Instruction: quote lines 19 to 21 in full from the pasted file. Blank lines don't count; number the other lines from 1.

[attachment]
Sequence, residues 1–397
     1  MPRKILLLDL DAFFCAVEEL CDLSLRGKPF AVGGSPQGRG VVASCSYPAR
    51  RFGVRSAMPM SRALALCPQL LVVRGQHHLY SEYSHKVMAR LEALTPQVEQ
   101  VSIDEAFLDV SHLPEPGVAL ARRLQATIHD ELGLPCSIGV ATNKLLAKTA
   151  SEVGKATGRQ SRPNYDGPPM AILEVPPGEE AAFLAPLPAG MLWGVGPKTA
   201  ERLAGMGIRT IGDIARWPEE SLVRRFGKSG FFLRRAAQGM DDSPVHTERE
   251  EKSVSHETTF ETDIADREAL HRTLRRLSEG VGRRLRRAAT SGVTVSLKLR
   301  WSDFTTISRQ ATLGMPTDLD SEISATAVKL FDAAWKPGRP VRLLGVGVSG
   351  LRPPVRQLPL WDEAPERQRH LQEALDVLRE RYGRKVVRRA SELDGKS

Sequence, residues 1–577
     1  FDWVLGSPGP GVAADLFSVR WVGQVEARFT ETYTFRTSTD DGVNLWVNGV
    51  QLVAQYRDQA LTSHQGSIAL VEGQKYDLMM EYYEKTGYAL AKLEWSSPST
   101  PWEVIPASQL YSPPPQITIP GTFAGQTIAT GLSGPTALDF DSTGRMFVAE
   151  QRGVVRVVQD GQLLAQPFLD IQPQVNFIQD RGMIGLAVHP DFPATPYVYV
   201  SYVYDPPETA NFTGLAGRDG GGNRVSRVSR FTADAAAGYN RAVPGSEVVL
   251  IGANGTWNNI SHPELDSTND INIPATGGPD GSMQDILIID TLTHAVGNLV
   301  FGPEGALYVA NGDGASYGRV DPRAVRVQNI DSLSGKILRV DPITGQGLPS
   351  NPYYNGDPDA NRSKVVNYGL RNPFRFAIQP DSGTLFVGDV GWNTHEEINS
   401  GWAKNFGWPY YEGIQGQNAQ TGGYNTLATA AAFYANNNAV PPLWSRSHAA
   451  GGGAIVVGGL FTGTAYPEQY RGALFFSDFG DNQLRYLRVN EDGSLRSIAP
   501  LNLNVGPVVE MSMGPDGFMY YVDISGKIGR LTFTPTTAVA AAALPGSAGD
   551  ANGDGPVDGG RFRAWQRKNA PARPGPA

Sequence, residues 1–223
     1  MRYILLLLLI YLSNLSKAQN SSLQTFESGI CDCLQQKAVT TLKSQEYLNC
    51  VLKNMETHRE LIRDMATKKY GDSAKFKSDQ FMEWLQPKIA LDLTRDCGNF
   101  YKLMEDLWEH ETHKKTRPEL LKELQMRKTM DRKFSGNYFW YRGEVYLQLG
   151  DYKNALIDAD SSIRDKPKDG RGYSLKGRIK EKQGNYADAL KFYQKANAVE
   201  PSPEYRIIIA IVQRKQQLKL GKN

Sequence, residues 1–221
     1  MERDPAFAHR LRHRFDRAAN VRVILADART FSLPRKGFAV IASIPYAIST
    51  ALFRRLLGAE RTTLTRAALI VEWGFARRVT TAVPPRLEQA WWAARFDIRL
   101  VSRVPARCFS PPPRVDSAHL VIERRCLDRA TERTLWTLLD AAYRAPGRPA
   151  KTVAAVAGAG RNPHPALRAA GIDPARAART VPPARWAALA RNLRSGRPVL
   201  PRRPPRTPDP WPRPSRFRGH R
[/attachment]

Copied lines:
   401  GWAKNFGWPY YEGIQGQNAQ TGGYNTLATA AAFYANNNAV PPLWSRSHAA
   451  GGGAIVVGGL FTGTAYPEQY RGALFFSDFG DNQLRYLRVN EDGSLRSIAP
   501  LNLNVGPVVE MSMGPDGFMY YVDISGKIGR LTFTPTTAVA AAALPGSAGD